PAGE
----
Sous Vide Cooking
Photo/John Bedell

It was December of 2008 and renowned chef Thomas Keller was on the “CBS Morning Show” demonstrating a seemingly arcane cooking method he used at his restaurants called sous vide (pronounced soo veed). Slicing a piece of beef cooked under vacuum at low temperature revealed meat that was medium-rare from edge to edge as opposed to the well-done-on-the-outside result you would expect from grilling. Harry Smith, then the show’s anchor, ventured that “sous vide may be too complex for the home chef, but it’s hard to argue with the results.”

 Fast forward a decade of technological advances, and sous vide is most definitely something you can do at home. You want to cook a perfect steak? Give it a bath. Actually, a hot bath. Sous vide, mistakenly likened to the old “boil in a bag” way to cook frozen vegetables, is actually steeping with precision. The “bathtub” can be a stockpot or a beer cooler or something in between. The bath water is heated by a now less-clunky immersion circulator to a precise temperature. (Clip it on and plug it in.) The science is that the temperature of the water never rises above (for the purposes of this recipe) 129° F, and neither does that rib eye you want medium-rare.

 We tested two of the leading, compact and reasonably priced immersion circulators, Joule and Anova (about $200 each). Both have smartphone apps and online support with recipes, but the Anova also sports controls on the 2.2-lb. unit and seems more suitable for the home cook. The Joule works only from the app, weighs about half as much and is more powerful, heating up the water about 10 minutes faster than the Anova. Both accomplish the same goal: a steak that is evenly cooked from “edge to edge.”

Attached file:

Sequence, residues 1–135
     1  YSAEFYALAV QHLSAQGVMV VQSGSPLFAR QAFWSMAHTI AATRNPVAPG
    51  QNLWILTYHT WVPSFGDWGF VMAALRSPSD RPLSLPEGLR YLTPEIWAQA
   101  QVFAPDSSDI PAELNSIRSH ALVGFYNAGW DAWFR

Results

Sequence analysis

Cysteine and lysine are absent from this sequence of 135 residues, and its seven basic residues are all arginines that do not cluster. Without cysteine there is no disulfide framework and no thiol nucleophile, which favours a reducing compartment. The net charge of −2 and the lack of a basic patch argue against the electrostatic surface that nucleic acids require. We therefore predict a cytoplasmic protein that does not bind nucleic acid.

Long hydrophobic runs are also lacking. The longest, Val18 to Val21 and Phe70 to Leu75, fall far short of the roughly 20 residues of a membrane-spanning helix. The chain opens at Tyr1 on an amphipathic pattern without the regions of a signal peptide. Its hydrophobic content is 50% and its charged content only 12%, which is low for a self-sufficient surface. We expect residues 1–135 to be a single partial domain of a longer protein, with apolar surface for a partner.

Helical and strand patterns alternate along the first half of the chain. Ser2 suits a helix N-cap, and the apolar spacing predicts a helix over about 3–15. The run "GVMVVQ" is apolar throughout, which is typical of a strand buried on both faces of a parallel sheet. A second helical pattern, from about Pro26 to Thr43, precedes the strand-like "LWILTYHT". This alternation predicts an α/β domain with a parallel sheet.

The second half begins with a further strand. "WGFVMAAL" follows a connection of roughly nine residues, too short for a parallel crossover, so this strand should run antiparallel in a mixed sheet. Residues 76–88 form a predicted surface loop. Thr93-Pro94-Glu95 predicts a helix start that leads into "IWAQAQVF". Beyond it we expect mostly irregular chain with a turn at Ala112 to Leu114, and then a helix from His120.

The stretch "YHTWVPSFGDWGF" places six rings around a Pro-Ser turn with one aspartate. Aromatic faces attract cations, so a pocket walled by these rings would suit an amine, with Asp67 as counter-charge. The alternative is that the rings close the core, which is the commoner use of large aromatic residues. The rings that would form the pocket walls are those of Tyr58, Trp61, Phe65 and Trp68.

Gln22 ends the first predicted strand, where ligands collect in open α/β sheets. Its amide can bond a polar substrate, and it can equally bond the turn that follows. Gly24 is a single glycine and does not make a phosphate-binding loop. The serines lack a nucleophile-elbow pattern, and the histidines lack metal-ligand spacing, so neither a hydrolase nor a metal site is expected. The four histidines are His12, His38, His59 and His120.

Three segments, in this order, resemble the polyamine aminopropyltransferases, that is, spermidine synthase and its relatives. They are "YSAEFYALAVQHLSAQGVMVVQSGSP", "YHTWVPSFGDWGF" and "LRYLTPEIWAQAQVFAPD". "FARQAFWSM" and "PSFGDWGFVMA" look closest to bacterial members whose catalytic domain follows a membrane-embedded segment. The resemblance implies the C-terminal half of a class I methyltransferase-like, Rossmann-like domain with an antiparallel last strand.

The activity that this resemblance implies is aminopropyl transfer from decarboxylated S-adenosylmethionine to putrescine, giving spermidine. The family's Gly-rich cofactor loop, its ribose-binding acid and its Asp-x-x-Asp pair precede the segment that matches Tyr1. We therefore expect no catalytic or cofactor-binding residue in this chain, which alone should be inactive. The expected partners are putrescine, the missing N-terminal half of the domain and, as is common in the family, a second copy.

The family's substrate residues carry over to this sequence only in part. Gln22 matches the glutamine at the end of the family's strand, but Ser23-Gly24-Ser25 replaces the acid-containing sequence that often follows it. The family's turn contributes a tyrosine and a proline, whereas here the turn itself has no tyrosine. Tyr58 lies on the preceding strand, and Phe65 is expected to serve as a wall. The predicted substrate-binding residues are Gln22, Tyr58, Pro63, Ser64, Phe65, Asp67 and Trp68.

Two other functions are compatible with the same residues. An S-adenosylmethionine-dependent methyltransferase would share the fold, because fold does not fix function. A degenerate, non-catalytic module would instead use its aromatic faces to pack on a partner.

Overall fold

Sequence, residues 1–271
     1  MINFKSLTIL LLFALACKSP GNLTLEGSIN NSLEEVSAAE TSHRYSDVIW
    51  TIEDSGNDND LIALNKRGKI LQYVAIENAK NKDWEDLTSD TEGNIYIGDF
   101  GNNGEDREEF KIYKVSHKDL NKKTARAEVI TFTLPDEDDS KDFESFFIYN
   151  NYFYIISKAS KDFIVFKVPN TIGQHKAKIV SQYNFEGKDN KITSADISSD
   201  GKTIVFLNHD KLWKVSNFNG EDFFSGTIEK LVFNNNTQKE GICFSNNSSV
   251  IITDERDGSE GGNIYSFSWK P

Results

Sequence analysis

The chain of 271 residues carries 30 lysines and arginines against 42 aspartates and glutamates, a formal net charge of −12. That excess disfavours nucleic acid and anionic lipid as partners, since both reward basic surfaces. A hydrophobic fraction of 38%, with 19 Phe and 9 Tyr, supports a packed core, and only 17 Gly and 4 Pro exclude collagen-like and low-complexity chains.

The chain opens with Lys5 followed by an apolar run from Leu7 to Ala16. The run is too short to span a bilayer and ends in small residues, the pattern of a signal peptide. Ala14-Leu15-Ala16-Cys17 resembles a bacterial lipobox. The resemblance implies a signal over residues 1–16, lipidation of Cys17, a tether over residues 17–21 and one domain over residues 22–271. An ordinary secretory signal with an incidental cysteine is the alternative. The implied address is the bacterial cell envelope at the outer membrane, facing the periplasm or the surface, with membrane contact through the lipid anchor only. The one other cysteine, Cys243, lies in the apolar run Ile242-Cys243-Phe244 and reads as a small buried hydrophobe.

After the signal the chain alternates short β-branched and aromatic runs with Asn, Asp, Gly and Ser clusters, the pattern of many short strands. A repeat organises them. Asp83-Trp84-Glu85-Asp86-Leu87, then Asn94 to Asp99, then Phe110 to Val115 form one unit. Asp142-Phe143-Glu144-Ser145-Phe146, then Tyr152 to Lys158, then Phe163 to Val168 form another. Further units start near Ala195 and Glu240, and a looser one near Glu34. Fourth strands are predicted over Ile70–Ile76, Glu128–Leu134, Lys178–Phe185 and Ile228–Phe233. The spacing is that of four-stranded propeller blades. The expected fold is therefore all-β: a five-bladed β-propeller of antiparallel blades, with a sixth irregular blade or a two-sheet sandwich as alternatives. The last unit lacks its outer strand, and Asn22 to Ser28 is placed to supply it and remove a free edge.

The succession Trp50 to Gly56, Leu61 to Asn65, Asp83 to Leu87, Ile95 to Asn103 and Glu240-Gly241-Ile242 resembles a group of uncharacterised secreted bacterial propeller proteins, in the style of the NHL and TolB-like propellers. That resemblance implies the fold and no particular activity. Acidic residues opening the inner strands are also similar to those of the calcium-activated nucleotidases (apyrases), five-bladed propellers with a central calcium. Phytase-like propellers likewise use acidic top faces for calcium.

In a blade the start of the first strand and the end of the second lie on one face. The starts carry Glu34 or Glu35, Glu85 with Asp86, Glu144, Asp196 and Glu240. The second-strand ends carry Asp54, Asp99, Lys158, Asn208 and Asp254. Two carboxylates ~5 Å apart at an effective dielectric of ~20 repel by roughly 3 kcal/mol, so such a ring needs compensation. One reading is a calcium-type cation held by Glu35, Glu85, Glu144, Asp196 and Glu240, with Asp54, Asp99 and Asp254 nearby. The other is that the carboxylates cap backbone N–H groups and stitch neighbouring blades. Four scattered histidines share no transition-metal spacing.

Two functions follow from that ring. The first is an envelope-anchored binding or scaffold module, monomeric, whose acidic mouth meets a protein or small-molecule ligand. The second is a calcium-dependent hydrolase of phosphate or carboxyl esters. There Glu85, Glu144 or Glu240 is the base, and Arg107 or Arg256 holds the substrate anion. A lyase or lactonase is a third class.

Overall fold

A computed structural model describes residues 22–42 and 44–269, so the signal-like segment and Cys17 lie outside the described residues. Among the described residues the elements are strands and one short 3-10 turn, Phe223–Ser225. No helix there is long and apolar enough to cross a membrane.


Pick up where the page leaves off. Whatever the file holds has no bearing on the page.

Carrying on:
Start with a high-quality steak. Chill it to below 41°F (the safe zone). Vacuum seal it with seasonings in food-safe plastic. Place your steak in the sous vide bath at the desired temperature you’d like the finished steak. Cook time depends mainly on the thickness of the steak, but two hours for up to a two-inch-thick cut worked well in our tests. Don’t worry if you go a little or a lot over, the temperature of the steak will never rise above what you originally set, but it will get more tender.

 When you take the steak out of the plastic, sear the outside in a super-hot cast iron skillet. Sear each side, flipping after 30 seconds (twice on each side in our tests), until you get the char you want. Searing this way will preserve the precise edge-to-edge doneness. A perfect steak.

 Visit anovaculinary.com and chefsteps.com/joule

Gourmet

More in The Good Life

See all
Homemade Cranberry Sauce

Homemade Cranberry Sauce

Cranberry sauce in all its glory.

Oct 24, 2019
Baseball At 150: Five Problems

Baseball At 150: Five Problems

Major league baseball turned 150 years old this year. But the game is far from perfect.

Oct 15, 2019
Smoke The Cigar of the Year for a Good Cause

Smoke The Cigar of the Year for a Good Cause

Ernesto Perez-Carrillo, the maker of Cigar Aficionado’s Cigar of the Year, will be in New York City …

Sep 24, 2019
Babe Ruth Sets Yet Another Record With $5.6 Million Jersey Sale

Babe Ruth Sets Yet Another Record With $5.6 Million Jersey Sale

Babe Ruth's New York Yankees road jersey, dated between 1928 and 1930, sold at auction for $5.64 …

Aug 22, 2019
Car-Themed Watch Auction For Monterey Car Week

Car-Themed Watch Auction For Monterey Car Week

Bidding for Watches Online: The Driver’s Collection will open on August 14 and run through August 20.

Aug 14, 2019
End-of-Summer Mixing With Vodka

End-of-Summer Mixing With Vodka

Mixing it up with vodka.

Jul 2, 2019